Rick DiBernardo

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Rick DiBernardo
No. 56, 53
Personal information
Born: (1964-06-12) June 12, 1964 (age 54)
Redondo Beach, California
Height:6 ft 3 in (1.91 m)
Weight:230 lb (104 kg)
Career information
College:Notre Dame
Career history
Career NFL statistics as of 1987
Games played:19
Games started:3
Fumble recoveries:2
Player stats at NFL.com
Player stats at PFR

Richard Anthony DiBernardo (born June 12, 1964) is a former American football linebacker who played for the St. Louis Cardinals and the Los Angeles Rams of the National Football League (NFL).[1]

Early life[edit]

DiBernardo was born on June 12, 1964, in Redondo Beach, California. He attended Edison High School, where he played football and basketball.[2] In his junior season, DiBernardo set an Edison basketball record with 17 field goals against Costa Mesa High School.[3]

As a senior, DiBernardo was named to the South team in the Orange County All-Star basketball game.[4] Edison football coach Bill Workman said DiBernardo "could start at every position on our team except quarterback and tailback and it would be very close at those positions".[2] Parade magazine named DiBernardo to their All-America team, where the magazine's editors selected the best high school football players in America to the honorary team.[5] USC, UCLA, Nebraska, Washington, and Notre Dame all tried to recruit DiBernardo to their football programs.[6] In the visit with Notre Dame, head coach Gerry Faust talked to him about the university's "unique" atmosphere, its high academic standards and the Irish tradition".[7] After he visited the university's campus, DiBernardo chose to attend Notre Dame.[8]

Collegiate career[edit]

DiBernardo graduated with majors in marketing .[6]

Professional career[edit]

DiBernardo was not selected by a team in the 1986 NFL Draft, where organizations choose athletes to play for their teams, but he later signed with the Tampa Bay Buccaneers.[6] The Buccaneers traded him to the St. Louis Cardinals for a twelfth-round draft pick in the following year's draft.[9] With the Cardinals, DiBernardo played as a reserve linebacker and as a long snapper on special teams.[6] He played in all 16 games that season, as the Cardinals finished with a 4–11–1 record.[1][10] After his first season in the NFL, DiBernardo considered retiring from the game and going back to Notre Dame for a master's degree. He instead decided to attend Cardinals' training camp, where he learned that Mike Morris had been signed as the St. Louis long snapper.[6]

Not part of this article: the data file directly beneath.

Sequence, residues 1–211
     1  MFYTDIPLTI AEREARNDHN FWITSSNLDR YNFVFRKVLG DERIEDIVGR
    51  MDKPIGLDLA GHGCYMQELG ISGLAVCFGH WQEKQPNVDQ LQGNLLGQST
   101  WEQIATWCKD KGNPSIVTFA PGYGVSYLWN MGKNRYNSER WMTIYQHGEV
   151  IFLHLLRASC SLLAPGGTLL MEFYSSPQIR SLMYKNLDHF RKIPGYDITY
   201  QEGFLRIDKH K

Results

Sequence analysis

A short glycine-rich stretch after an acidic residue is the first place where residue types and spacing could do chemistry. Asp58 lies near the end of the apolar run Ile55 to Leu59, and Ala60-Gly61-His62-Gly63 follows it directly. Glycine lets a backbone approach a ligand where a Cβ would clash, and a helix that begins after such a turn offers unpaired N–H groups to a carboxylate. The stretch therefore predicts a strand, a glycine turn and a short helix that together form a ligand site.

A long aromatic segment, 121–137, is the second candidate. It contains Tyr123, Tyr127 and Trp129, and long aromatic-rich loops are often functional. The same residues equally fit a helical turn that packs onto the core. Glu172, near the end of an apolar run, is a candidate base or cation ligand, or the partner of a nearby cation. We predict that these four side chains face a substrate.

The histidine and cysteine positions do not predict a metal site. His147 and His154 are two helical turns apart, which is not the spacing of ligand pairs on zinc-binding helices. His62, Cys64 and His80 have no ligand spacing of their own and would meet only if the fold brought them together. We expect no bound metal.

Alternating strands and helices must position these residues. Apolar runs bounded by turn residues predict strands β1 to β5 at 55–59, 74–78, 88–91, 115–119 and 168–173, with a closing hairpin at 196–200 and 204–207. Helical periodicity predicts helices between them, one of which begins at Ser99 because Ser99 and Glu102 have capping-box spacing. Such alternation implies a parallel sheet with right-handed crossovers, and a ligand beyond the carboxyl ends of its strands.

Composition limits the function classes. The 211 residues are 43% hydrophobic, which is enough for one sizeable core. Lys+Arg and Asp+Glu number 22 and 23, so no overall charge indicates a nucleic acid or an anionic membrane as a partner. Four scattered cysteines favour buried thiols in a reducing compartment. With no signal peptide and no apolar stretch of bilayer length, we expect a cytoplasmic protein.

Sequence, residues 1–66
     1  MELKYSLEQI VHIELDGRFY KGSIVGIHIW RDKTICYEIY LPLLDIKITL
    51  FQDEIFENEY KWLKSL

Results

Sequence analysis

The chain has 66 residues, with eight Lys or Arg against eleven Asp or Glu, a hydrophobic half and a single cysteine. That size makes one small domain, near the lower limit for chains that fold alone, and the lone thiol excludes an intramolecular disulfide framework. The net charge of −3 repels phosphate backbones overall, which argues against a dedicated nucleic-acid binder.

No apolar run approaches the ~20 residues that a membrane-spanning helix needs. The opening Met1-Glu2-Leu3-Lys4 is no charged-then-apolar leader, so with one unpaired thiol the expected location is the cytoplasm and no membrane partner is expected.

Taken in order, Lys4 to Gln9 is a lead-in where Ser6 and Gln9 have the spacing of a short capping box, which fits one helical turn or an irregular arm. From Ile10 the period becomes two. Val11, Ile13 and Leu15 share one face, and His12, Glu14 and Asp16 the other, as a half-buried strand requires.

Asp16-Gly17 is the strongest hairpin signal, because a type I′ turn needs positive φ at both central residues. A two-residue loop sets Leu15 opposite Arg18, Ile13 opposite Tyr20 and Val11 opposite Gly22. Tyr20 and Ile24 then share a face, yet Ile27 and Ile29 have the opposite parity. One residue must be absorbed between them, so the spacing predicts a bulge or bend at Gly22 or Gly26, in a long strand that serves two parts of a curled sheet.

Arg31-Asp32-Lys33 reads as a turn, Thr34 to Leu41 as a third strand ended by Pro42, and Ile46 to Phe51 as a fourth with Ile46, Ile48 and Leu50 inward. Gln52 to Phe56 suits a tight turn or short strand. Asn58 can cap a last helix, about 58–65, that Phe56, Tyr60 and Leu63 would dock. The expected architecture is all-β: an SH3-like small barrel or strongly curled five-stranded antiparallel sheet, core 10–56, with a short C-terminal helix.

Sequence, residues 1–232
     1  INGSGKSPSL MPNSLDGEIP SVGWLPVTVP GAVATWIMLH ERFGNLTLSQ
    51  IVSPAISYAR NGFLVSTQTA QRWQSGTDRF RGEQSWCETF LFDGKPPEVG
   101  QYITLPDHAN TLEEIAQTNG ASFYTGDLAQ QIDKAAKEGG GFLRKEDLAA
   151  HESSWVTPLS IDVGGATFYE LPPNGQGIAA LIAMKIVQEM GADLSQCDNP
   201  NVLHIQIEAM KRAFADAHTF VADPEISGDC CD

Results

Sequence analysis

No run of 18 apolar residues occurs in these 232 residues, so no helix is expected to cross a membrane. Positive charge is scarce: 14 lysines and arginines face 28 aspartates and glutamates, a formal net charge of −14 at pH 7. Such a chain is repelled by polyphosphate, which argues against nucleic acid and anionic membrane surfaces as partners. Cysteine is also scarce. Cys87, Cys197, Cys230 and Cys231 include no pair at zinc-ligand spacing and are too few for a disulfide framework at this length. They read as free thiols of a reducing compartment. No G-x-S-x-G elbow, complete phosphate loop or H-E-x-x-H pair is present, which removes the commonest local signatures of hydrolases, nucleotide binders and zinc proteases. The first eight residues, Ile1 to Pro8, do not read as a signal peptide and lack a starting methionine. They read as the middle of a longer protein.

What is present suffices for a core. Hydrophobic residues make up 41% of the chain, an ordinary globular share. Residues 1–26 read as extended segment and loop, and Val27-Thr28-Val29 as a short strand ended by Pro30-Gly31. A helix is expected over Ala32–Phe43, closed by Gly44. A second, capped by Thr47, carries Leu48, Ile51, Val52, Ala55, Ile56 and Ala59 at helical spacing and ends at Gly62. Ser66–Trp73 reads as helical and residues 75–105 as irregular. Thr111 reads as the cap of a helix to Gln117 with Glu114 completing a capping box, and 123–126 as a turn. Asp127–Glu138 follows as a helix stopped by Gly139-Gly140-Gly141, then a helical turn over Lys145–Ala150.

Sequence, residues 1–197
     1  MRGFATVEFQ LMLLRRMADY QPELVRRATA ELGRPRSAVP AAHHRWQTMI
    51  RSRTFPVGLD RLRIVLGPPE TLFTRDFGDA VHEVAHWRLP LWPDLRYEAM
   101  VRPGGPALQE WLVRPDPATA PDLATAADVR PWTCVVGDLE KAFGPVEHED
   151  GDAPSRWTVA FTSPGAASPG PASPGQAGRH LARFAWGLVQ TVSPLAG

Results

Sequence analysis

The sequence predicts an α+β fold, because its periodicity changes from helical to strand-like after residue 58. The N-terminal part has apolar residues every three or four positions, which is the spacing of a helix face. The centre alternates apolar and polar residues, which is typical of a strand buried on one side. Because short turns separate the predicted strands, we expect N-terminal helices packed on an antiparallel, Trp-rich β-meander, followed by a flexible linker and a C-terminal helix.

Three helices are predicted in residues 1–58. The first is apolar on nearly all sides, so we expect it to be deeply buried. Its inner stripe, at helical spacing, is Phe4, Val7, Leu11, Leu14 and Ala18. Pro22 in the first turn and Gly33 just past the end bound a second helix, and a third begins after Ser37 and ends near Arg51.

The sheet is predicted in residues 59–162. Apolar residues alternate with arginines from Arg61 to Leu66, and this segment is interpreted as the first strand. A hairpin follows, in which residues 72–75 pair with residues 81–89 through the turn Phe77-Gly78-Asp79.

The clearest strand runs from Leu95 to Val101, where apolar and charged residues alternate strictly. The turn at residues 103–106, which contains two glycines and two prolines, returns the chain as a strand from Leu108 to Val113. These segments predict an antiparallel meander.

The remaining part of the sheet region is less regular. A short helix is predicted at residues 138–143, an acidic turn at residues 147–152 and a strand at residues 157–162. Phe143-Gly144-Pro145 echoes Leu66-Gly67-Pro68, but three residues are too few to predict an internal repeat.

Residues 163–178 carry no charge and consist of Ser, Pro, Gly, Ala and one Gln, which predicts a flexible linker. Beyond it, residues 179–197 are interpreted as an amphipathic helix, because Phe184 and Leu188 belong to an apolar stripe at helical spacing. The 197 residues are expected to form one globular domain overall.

" [The Rams] said come over to (Ram Camp at Cal State Fullerton) tomorrow. I was just saying, 'There is a God. He is listening.' This is the best thing that's ever happened to me. Friday was the greatest day ever."

DiBernardo on signing with the Rams[11]

On July 21, 1987, DiBernardo told Cardinals coach Gene Stallings he would be retiring from football, citing concerns about his job security. He showed an interest in a marketing or administration job.[6] On August 14, while he worked for a moving company, DiBernardo received a call from a marketing agency that offered a management position; he accepted.[11] Four hours later, the Los Angeles Rams offered him a tryout. DiBernardo signed with the Rams for "about minimum wage" as a reserve linebacker and long snapper.[11] He played in three games for Los Angeles, and had two fumble recoveries.[1] The Rams released DiBernardo along with nine other players in the beginning of September.[12]

Personal life[edit]

In 2008, DiBernardo worked as a mutual fund regional vice president in Orange County, CA and as a part-time college football referee.[13] He has three daughters with their mother Mollie.


  1. ^ a b c "Rick DiBernardo". Pro-Football-Reference. Sports Reference LLC. Retrieved February 9, 2013.
  2. ^ a b Hamilton, Tom (September 9, 1981). "Rick DiBernardo Is Edison High School's Man for All Positions". Los Angeles Times. Tribune Company. (subscription required)
  3. ^ "DiBernardo Sets Edison Mark". Los Angeles Times. Tribune Company. January 10, 1981. (subscription required)
  4. ^ "Chang, DiBernardo Head South". Los Angeles Times. Tribune Company. May 14, 1982. (subscription required)
  5. ^ McManis, Sam (January 29, 1982). "Dinner Can Wait at the DiBernardos". Los Angeles Times. Tribune Company. (subscription required)
  6. ^ a b c d e f McCurdie, Jim (August 9, 1987). "Not a Snap Decision: After One Season as an NFL Bit Player, Former Edison Star DiBernardo Had Enough of Football". Los Angeles Times. Tribune Company.
  7. ^ DiGiovanna, Mike (February 3, 1982). "DiBernardo Chooses Notre Dame". Los Angeles Times. Tribune Company. (subscription required)
  8. ^ Faust, Gerry; Love, Steve (2002). The Golden Dream. Sports Publishing LLC. pp. 90–91. ISBN 978-1-58261-608-7.
  9. ^ Zier, Patrick (April 14, 1987). "Tampa Bay gets Turk from Steelers". The Ledger. Halifax Media Group.
  10. ^ "1986 St. Louis Cardinals". Pro-Football-Reference. Sports Reference LLC. Retrieved February 9, 2013.
  11. ^ a b c Ludovise, Barbie (August 18, 1987). "Rams Sign Ex-Edison Star DiBernardo". Los Angeles Times. Tribune Company.
  12. ^ "Transactions". Associated Press. September 2, 1987.
  13. ^ Eichelberger, Curtis (November 25, 2008). "Football Ref Says Managing Money Prepares Him for Fans Catcalls". Bloomberg Businessweek. Bloomberg L.P.